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Published: Jun 24, 2016 4 min read

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The United Kingdom shocked the world last night when it voted to leave the European Union, contrary to what polls leading up to the vote were predicting.

The effect on the British economy will be widespread, but will the turmoil wash up on American shores?

Here are some guidelines for how the American economy will weather this storm, according to Torsten Slok, Chief International Economist with Deustche Bank Securities, who points to the Federal Reserve’s model of the U.S. economy combined with predictions for how financial markets will continue to digest Brexit:

  • A 10% appreciation in the dollar will cut U.S. GDP by 0.4% after one year;
  • An increase in BBB yields of 1%—as investors move away from riskier corporate borrowers—will lower GDP by 0.2%;
  • A sustained 20% decline in the S&P 500—which may be the result of increased volatility following the vote—lowers GDP by 0.2% and raises the unemployment rate by 0.1%; and
  • A 100 basis-point decline in the 10-year rate U.S. Treasury rate—as investors flee to the safe government bonds—will increase GDP by 0.4%.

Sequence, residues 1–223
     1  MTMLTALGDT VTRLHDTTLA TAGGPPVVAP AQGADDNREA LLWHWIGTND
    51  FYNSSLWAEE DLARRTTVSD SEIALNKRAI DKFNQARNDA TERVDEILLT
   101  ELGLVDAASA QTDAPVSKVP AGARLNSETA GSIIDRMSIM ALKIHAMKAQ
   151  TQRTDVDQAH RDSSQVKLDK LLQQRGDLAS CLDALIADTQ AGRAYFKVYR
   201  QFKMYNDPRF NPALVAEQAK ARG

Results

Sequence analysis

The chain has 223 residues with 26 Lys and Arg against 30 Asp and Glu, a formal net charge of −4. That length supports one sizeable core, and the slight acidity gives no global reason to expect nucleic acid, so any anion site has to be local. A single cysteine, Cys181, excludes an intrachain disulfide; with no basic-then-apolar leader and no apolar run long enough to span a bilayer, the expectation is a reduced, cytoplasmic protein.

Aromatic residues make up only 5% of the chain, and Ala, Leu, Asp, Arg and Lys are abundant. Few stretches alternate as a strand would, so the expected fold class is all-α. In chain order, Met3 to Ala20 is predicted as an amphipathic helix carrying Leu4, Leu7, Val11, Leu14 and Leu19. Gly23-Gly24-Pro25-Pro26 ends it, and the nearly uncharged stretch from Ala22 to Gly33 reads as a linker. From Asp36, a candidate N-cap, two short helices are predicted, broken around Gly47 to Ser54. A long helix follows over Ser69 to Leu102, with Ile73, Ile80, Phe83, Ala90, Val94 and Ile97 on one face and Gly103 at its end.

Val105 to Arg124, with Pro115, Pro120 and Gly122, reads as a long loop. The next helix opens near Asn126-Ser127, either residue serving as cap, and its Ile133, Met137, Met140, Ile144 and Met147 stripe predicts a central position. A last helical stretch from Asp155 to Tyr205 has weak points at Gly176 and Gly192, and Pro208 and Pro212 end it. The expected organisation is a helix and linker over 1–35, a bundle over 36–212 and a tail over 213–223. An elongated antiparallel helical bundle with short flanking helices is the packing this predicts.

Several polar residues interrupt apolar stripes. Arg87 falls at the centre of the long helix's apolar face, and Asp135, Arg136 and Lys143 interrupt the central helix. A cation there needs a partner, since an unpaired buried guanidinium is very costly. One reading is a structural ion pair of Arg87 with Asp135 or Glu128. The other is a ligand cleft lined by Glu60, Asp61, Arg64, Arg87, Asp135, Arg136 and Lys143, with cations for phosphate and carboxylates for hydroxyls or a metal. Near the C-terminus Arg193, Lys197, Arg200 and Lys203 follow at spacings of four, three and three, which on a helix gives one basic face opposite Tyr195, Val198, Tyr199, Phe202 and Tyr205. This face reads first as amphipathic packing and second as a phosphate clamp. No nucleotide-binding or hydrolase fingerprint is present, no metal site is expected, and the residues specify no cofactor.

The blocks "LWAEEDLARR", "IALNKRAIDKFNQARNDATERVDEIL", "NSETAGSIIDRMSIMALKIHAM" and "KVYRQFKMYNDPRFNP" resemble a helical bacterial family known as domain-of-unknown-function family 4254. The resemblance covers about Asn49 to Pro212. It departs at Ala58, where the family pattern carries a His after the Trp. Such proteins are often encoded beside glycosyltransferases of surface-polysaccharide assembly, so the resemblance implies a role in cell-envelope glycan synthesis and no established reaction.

We won’t know for sure the full impact on the U.S. economy until we see how financial markets digest the information today and in coming weeks. In recent trading Friday, the S&P 500 was down 2.5% and the yield on the 10-year Treasury dropped as much as 34 basis points to 1.40% before bouncing back to 1.55%.

But the net effect of Slok’s scenario would be a 0.4% decline in U.S. GDP, which is significant but not enough at this point to pull the United States into recession. “That said if growth abroad weakens and financial conditions tighten further, then the negative impact on the U.S. economy would be growing over time,” Slok writes in an email to clients.

Jim O’Sullivan, Chief U.S. economist with High Frequency Economics, argued in an email that the key data to watch in terms of the unfolding effects of Brexit on the United States is the stock market. “The keys to whether the U.S. economy is affected significantly will be whether equities tumble enough to have a major impact on business and consumer confidence and whether banks are affected such that they pull back on lending.”

The other major variable is how the Fed will react. “The tightening in financial conditions…only adds to the case for the Fed to hold off on tightening pending more information,” O’Sullivan writes. “But, again, much will depend on the extent to which there is follow-through—or reversal—of the initial market moves.”

In a statement Friday morning, the Fed declared: